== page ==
Anesthesia and Hysterectomy
SHARING IS CARING
Anesthesia is a reversible loss of sensation used during your hysterectomy to make sure you have a painfree and comfortable surgery experience. Anesthesia has two different categories: General anesthesia and local anesthesia.
Local anesthetics is a reversible loss of sensation for a limited region of the body while maintaining consciousness. General anesthesia puts you into a deep sleep so you do not feel pain during surgery. When you receive general anesthesia you will not be aware of what is happening around you. Either or both of these anesthesia types may be used during your hysterectomy.
Types of Anesthesia
There are three main types of anesthesia: local, regional, and general anesthesia. Local anesthesia dose not render you unconscious, is used to stop pain sensations in a specific part of the body, and does not penetrate very deeply nor cover a wide area. Regional anesthesia, such as spinal or epidural, is used to stop pain sensations for a portion of the body, and typically involves a local anesthetic injected near nerve clusters that provide feeling for the area where surgery will be performed. General anesthesia will put you in an unconscious state for your hysterectomy.
Read more about the Different Types of Anesthesia.
Anesthesia Choices for Hysterectomy
In most cases, there are multiple options for anesthesia during a hysterectomy; however, certain procedures are best done using specific methods of anesthesia. Your options will depend on your circumstances, surgeon, and anesthesiologist.
The use of carbon dioxide (CO2) during your hysterectomy could limit your anesthesia choices the most. CO2 is used during laparoscopic procedures to inflate the abdominal area, giving your surgeon more room to see and work through small incisions. During this type of surgery, surgeons usually tilt the table head down and use a muscle relaxant to relax your muscles. The combination of the distention, table position, and muscle relaxants can inhibit breathing. To counter this, an endotracheal tube with general anesthesia may be the best anesthesia option for this type of procedure. If you will be having another type of hysterectomy, you may have more choices for anesthesia.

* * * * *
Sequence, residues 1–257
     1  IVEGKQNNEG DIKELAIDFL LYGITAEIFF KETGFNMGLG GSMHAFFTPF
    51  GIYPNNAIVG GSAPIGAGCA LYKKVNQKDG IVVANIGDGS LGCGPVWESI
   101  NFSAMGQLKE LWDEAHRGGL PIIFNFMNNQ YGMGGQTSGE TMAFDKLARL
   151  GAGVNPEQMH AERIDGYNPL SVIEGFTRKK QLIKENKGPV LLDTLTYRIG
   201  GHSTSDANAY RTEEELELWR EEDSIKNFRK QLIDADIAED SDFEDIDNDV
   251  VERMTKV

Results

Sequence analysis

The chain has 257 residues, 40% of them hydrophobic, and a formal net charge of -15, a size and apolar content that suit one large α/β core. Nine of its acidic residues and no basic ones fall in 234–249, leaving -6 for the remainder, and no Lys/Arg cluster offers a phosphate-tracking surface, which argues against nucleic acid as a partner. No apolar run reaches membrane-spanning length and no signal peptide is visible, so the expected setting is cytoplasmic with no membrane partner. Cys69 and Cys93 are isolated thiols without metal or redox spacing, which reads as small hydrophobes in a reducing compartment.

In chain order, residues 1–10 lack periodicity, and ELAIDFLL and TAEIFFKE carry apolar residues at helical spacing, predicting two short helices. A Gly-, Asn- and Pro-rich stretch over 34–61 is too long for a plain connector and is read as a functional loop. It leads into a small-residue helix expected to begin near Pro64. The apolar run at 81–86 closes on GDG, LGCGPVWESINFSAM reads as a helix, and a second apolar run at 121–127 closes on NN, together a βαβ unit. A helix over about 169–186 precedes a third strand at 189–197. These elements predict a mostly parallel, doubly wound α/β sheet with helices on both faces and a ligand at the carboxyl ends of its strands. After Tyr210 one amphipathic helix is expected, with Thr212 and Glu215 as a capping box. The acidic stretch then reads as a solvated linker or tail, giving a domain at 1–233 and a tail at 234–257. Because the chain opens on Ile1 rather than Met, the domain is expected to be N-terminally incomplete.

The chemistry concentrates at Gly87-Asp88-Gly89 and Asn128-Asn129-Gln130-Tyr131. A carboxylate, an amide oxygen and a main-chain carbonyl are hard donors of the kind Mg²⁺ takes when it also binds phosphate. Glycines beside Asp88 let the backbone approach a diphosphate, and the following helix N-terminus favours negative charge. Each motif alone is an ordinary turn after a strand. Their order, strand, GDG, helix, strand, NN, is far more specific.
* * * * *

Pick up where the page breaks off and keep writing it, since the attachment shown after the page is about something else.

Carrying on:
Read more about Anesthesia Choices.
Anesthesia | Can Anesthesia Affect Taste and Smell?
Anesthesia | Can Anesthesia Cause Heart Palpitations?
Anesthesia | Can Anesthesia Cause Hot Flashes After Hysterectomy?
Anesthesia | Can My Anesthesiologist Help with Pre-Op Anxiety?
Anesthesia | Could Anesthesia be Causing my Symptoms?
Anesthesia | Does Anesthesia Cause Sluggish Bowels after a Hysterectomy?
Anesthesia | Does Hysterectomy Type Affect Anesthesia Options?
Anesthesia | How Long Does Anesthesia Stay in the Body after Hysterectomy?
Anesthesia | Preventing Post-op Nausea after Hysterectomy
Anesthesia | Sedation vs. General Anesthesia
Anesthesia | Spinal vs. Epidural
Anesthesia | Talking to the Anesthesiologist before Your Hysterectomy
Anesthesia | What Are the Different Types?
Anesthesia | What Happens if My Hysterectomy Is Longer than Planned?
Anesthesia | What If I Wake Up During my Hysterectomy?
Anesthesia | What if My Hysterectomy Is Converted from Laparoscopic to Abdominal?
Anesthesia | When Will I Wake Up After My Hysterectomy?
Anesthesia | Which Anesthesia Is Best for Hysterectomy?
Anesthesia | Will Spinal or Epidural Anesthesia Put Me to Sleep?